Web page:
European Food Safety Agency rebuffs accusations of loopholes in rules governing conflicts of interest of its experts
The European Food Safety Authority (EFSA) has rejected allegations in a recent report that the integrity of its scientific recommendations and risk assessments could be compromised by ‘loopholes’ in the agency’s independence policies.
In Unhappy meal: The European Food Safety Authority’s independence problem the Corporate Europe Observatory (CEO) estimates that 58% of the 209 scientists sitting on EFSA panels have direct or indirect links with industries regulated by the agency. ‘This situation casts a severe doubt on the credibility of the scientific output of the key body responsible for food safety at the EU,’ the report states, noting that EFSA is responsible for evaluating ‘crucial public health issues such as food additives, packaging, genetically modified organisms, contaminants and pesticides’.
Sue Davies, chair of EFSA’s management board, said she ‘read with interest the latest report from Corporate Europe Observatory on alleged conflicts of interest’. However, she said in a statement that EFSA has already launched an initiative in recent months to improve transparency in scientific decision-making processes and public access to its work.
‘The management board is confident that the policy EFSA has in place to ensure independence in its scientific work is robust,’ she said. ‘The board is also satisfied that EFSA is implementing its own rules effectively as they apply to the selection of experts and the assessment of declarations of interest.’
Caught in the cross-hairs
Martin Pigeon, co-author of the report, tells Chemistry World that he does not understand how the board can so quickly dismiss the report, ‘even though we understand that it also needs to protect and defend EFSA’s reputation’. ‘We basically showed that [EFSA’s] policy was neither robust nor consistently implemented. We hope that the board’s recommendation to EFSA to consider our findings and recommendations closely will be implemented.’
EFSA and its policies have for several years been the target of reports from CEO, a self-described ‘research and campaign group working to expose and challenge the privileged access and influence enjoyed by corporations and their lobby groups in EU policy making’. In Unhappy meal, CEO notes that ‘after several conflicts of interest scandals’ in 2012 EFSA implemented new rules for assessing its experts. However, CEO says that the ‘main loophole’ in its rules is that EFSA’s assessment of experts for scientific panels is ‘too narrow’.
‘The current approach enables dozens of experts with multiple commercial interests (consultancy contracts, research funding, etc) to still be granted full membership of EFSA panels, including a majority of panel chairs and vice-chairs,’ the report states. CEO’s analysis of the 209 experts on 10 EFSA panels and the scientific committee found that 122, or 58%, ‘have at least one conflict of interest with the commercial sector’.
An EFSA spokesperson responded that ‘CEO assumed that experts should have no commercial ties related to any aspect of EFSA’s remit’. But EFSA has ‘a different approach that assesses interests in the context of the role that the expert will assume, the work that they will carry out and the remit of the scientific group’. The spokesperson emphasises that EFSA rules prohibit anyone employed by industry or a full-time paid consultant from being on an EFSA panel or working group.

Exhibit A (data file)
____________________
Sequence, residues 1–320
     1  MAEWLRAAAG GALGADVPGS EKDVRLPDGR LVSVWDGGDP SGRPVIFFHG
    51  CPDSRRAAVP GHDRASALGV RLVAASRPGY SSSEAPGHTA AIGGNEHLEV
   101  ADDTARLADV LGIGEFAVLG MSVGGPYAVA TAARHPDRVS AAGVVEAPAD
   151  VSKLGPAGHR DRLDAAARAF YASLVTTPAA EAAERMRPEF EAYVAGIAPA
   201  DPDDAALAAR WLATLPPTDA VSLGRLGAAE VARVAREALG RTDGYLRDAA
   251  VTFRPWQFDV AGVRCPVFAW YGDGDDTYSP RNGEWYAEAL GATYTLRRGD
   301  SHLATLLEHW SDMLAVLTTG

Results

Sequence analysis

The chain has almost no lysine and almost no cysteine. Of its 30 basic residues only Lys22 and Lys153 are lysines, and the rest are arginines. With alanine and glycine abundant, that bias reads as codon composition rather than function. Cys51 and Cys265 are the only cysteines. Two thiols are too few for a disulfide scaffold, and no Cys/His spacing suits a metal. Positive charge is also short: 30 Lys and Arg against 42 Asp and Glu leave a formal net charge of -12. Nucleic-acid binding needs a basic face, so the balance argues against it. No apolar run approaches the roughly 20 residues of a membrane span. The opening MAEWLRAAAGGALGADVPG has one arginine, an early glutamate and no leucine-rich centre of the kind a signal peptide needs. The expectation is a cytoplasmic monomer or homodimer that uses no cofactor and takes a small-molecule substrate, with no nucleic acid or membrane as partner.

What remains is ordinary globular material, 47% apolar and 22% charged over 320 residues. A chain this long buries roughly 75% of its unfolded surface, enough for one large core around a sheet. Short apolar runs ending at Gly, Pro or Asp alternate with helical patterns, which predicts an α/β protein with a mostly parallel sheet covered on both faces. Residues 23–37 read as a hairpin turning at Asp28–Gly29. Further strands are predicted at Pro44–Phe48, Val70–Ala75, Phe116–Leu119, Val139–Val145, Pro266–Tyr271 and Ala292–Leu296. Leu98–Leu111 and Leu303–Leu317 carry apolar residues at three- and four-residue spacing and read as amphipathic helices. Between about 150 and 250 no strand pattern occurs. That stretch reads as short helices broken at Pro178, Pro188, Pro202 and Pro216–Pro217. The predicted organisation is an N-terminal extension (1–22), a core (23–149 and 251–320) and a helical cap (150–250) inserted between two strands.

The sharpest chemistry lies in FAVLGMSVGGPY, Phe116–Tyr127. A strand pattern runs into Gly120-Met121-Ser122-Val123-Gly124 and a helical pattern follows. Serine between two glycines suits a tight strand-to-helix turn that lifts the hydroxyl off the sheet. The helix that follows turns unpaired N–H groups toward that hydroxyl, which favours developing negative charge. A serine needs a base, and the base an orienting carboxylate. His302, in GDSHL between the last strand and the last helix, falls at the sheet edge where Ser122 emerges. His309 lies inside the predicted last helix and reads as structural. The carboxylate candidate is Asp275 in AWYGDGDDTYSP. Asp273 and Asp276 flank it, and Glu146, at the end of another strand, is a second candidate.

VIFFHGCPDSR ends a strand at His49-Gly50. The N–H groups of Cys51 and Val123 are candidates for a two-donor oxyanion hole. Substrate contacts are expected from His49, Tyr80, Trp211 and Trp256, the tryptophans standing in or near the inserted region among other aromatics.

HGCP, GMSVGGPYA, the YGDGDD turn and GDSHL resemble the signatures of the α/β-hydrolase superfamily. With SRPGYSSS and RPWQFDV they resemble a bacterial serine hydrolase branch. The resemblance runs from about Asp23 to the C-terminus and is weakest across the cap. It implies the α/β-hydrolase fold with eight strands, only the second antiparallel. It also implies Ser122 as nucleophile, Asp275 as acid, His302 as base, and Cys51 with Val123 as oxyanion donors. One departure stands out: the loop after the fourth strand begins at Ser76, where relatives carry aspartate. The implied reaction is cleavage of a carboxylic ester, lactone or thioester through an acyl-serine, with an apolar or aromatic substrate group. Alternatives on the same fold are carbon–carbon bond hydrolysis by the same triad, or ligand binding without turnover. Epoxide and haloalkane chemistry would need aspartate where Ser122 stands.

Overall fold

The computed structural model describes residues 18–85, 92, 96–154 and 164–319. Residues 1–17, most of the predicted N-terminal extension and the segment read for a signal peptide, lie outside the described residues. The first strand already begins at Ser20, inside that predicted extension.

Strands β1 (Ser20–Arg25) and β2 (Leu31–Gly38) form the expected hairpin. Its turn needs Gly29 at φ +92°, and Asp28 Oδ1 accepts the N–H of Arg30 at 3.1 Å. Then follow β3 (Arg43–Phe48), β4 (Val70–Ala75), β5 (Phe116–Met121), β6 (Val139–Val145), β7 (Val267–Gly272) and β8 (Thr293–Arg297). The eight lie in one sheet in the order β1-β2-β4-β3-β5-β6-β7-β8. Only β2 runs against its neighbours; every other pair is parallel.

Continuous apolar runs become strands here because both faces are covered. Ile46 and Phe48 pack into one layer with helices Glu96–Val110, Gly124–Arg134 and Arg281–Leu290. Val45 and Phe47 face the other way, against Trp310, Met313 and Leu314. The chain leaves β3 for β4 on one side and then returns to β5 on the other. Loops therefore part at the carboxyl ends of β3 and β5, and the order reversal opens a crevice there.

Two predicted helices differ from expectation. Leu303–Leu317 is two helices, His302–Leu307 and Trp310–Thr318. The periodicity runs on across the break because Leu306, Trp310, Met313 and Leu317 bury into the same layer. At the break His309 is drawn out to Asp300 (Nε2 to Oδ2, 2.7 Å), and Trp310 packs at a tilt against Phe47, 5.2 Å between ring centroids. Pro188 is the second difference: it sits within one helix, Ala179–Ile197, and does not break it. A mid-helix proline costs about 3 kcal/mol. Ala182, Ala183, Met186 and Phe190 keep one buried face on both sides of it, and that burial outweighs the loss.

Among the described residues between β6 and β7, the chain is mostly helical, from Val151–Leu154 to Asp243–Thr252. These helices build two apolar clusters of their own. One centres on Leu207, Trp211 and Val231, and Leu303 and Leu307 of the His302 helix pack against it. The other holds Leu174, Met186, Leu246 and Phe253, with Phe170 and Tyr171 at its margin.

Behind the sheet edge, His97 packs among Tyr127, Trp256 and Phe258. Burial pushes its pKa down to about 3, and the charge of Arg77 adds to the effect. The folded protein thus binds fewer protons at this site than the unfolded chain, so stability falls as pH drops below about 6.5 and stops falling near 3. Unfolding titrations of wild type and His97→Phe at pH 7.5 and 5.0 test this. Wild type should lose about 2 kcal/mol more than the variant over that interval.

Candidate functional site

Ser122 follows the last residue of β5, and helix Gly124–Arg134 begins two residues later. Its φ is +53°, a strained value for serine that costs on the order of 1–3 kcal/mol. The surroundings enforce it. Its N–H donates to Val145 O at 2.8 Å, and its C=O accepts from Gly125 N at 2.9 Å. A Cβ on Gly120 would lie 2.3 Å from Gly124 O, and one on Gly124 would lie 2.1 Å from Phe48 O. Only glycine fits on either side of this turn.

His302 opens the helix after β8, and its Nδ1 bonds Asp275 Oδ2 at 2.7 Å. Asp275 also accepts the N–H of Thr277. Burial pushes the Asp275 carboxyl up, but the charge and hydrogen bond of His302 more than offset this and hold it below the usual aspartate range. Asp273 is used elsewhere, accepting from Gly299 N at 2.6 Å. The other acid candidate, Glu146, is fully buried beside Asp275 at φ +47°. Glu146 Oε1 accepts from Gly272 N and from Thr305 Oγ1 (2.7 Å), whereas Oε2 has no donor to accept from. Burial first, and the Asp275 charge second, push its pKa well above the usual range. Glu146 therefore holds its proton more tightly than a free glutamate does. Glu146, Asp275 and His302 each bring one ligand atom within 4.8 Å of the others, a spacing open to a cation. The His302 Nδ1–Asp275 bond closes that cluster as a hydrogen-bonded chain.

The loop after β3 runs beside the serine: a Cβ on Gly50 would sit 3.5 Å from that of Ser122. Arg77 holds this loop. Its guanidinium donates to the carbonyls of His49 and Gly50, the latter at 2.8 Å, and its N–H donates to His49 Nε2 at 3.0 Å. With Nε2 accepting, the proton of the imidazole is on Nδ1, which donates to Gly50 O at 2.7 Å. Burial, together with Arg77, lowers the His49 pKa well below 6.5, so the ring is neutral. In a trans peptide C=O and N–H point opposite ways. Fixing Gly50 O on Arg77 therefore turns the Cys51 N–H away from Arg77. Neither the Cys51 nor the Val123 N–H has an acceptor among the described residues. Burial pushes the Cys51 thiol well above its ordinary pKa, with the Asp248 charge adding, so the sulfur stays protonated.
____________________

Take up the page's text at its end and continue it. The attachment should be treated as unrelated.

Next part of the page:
‘EFSA applies a robust set of internal mechanisms and working processes to safeguard the independence of its scientific work,’ the spokesperson says, adding: ‘All of the experts currently working for EFSA have had their declarations of interest assessed against this framework and they were considered not to have a conflict.’
Pigeon could not, however, cite any EFSA recommendations or risk assessments that were influenced by panel experts with links to commercial interests. ‘This aspect is a dead spot in our report and when we say that “this casts a severe doubt on the credibility of the scientific output”, this is indeed nothing more than a doubt, as we simply could not address it in an updated and consistent manner – the work involved would have been colossal and we are not trained toxicologists.’
The report specifically names the International Life Sciences Institute (ILSI), whose members include food and beverage, agricultural, chemical and pharmaceutical companies, as having ‘been at the core of past controversies with EFSA’. The report notes that EFSA is still has ongoing collaborations with the ILSI.
Stephane Vidry, senior scientific programme coordinator for the institute, denies that it has ongoing collaborations with EFSA. He declined to specifically address the report’s assessment of EFSA’s independence policies.
‘ILSI Europe promotes collaboration among leading experts from academia, government, and the public sector to conduct, gather, summarise and disseminate science,’ he says. ‘ILSI Europe has a very high reputation among the scientific community given the value it creates in providing an open forum for them to discuss key scientific issues and for the recognised quality of its peer-reviewed publications.’